This article originally appeared on LinkedIn.
After 27 years of running the company he founded and turning it into one of the most valuable enterprises in the world, Jeff Bezos has stepped down as CEO of Amazon. In addition to revolutionizing retail, Bezos built a reputation as someone keenly interested in effective management and leadership during his tenure. He took pains to codify his thinking, often in his annual letters to shareholders. The company also publishes its core principles on its website and is explicit about how leaders should embody those principles.
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So when Bezos added two new items to his list of leadership principles, growing their number from 14 to 16, shortly before stepping down as CEO, author Minda Zetlin took notice. “The new principles appear to be a farewell gift from Bezos to the company he founded, and to everyone who reads and follows them, as every leader should,” Zetlin wrote in a story for Inc.
The additions are:
- “Strive to be Earth’s best employer.”
- “Success and scale bring broad responsibility.”
The first, “strive to be Earth's best employer,” focuses on empowering employees and the importance of leaders investing in their employees’ personal success:
Leaders work every day to create a safer, more productive, higher performing, more diverse, and more just work environment. They lead with empathy, have fun at work, and make it easy for others to have fun. Leaders ask themselves: Are my fellow employees growing? Are they empowered? Are they ready for what's next? Leaders have a vision for and commitment to their employees' personal success, whether that be at Amazon or elsewhere.
Issues of worker treatment are at the center of the high-profile unionization effort Amazon has been fighting in Alabama. The first vote in April went strongly against unionization, but employees may get another one after the National Labor Relations Board found that the union may not have had a fair shot. Now, Bezos says, Amazon needs a different mindset.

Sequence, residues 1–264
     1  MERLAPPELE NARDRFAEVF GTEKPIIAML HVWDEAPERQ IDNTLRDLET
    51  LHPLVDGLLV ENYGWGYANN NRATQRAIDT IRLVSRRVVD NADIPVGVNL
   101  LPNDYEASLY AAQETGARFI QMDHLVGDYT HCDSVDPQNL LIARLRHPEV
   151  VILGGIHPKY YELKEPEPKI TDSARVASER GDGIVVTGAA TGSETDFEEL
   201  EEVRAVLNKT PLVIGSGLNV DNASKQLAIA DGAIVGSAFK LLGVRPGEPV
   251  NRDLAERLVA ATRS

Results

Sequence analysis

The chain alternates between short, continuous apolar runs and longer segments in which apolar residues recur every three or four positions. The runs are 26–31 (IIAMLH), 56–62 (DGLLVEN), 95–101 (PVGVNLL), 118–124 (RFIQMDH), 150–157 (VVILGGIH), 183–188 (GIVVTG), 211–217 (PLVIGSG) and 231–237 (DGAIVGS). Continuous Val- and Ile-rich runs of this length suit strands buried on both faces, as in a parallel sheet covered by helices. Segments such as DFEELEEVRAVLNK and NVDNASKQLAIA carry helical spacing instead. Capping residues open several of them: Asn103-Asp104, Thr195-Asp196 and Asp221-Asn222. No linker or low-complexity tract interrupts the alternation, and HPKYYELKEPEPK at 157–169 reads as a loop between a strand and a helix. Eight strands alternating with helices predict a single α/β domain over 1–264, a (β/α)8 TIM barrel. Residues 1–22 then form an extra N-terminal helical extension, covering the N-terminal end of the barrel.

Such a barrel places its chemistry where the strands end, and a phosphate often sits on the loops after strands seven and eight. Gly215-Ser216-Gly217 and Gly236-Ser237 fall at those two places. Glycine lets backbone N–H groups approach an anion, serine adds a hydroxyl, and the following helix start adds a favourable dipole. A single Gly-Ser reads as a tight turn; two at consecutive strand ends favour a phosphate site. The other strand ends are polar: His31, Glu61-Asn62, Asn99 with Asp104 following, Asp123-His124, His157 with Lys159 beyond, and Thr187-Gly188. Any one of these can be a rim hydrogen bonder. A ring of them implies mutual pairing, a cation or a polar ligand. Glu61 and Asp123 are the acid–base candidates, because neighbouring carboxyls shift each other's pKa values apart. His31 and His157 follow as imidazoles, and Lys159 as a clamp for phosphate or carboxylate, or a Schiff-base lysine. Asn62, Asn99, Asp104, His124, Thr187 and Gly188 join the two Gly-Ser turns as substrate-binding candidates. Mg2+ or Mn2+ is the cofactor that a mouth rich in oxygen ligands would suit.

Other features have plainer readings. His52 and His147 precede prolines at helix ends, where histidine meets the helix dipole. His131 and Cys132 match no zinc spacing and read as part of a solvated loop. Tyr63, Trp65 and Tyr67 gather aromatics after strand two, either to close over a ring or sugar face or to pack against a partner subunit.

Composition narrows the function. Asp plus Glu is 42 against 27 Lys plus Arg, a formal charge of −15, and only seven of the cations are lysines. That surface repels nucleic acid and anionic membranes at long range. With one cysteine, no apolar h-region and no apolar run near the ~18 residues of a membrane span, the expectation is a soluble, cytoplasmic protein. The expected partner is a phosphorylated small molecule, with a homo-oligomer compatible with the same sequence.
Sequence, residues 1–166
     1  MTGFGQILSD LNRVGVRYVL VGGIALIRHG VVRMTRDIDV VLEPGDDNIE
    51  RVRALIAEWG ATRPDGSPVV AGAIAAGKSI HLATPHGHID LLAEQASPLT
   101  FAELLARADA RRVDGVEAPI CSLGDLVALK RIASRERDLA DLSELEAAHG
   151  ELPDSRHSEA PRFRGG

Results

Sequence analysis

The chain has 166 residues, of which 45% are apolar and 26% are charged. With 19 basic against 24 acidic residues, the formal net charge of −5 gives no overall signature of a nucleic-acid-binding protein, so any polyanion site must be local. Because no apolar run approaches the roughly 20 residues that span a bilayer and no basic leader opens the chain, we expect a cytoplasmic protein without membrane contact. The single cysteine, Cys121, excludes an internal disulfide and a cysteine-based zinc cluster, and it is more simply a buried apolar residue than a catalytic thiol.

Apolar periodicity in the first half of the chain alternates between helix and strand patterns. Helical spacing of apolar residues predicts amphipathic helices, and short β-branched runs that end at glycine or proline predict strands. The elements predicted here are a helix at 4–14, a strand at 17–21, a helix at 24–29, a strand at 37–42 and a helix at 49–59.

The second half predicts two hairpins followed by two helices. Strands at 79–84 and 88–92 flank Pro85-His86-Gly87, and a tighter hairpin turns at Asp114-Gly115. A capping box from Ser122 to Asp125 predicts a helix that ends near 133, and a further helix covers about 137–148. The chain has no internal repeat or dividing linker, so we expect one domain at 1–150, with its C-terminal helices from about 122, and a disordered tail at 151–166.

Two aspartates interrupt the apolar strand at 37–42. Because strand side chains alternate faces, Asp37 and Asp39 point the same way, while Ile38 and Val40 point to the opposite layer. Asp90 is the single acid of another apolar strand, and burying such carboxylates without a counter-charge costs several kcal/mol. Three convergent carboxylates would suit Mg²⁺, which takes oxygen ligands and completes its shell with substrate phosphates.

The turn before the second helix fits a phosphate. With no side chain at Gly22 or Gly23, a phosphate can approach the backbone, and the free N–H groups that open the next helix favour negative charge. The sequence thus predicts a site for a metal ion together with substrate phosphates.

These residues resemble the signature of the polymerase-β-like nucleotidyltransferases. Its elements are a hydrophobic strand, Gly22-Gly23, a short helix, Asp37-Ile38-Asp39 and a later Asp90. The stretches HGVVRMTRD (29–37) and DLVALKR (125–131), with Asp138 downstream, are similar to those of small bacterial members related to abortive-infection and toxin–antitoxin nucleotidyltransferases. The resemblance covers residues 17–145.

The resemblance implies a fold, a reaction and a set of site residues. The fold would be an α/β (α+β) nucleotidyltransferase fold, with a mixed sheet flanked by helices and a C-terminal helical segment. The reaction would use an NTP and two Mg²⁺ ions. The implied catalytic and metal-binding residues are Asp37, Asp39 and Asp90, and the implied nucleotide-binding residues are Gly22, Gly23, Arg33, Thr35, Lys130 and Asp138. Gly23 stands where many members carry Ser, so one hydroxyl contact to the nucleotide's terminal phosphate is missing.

We’ve long admired Bezos’s radical customer centricity. The very first of his leadership principles is customer obsession:
Leaders start with the customer and work backwards. They work vigorously to earn and keep customer trust. Although leaders pay attention to competitors, they obsess over customers.
Only a few months ago, however, we wrote a section of our upcoming book, Winning on Purpose, on the hole we spotted in his leadership rules. That hole was the absence of the Golden Rule, the imperative to treat others (customers, employees, other stakeholders) as you would wish to be treated. None of Bezos’s principles, we noted, acknowledged the importance of treating employees with loving kindness, of caring deeply for their safety and well-being, or even of “treating people right.”
While Amazon started as, and remains, a company built on the strength of its digital experience, all those packages don’t yet deliver themselves. Without dedicating itself to becoming a truly great place for all employees to work, a place where they can lead great lives, we wondered whether Amazon could hope to sustain its success over the long term.
Clearly, Bezos took a big step in this direction when he inaugurated his new principles. This is important because our interviews with current and former Amazon executives have convinced us that these leadership principles are discussed every day and thoughtfully embedded into every management process, including hiring, training, promotions, and the treatment of customers.
Time will tell if the company can move these two new additions from words on a webpage to a true company evolution. It’s a process that will have to happen under the financial pressures of being a public company and without Amazon’s visionary founder at the helm.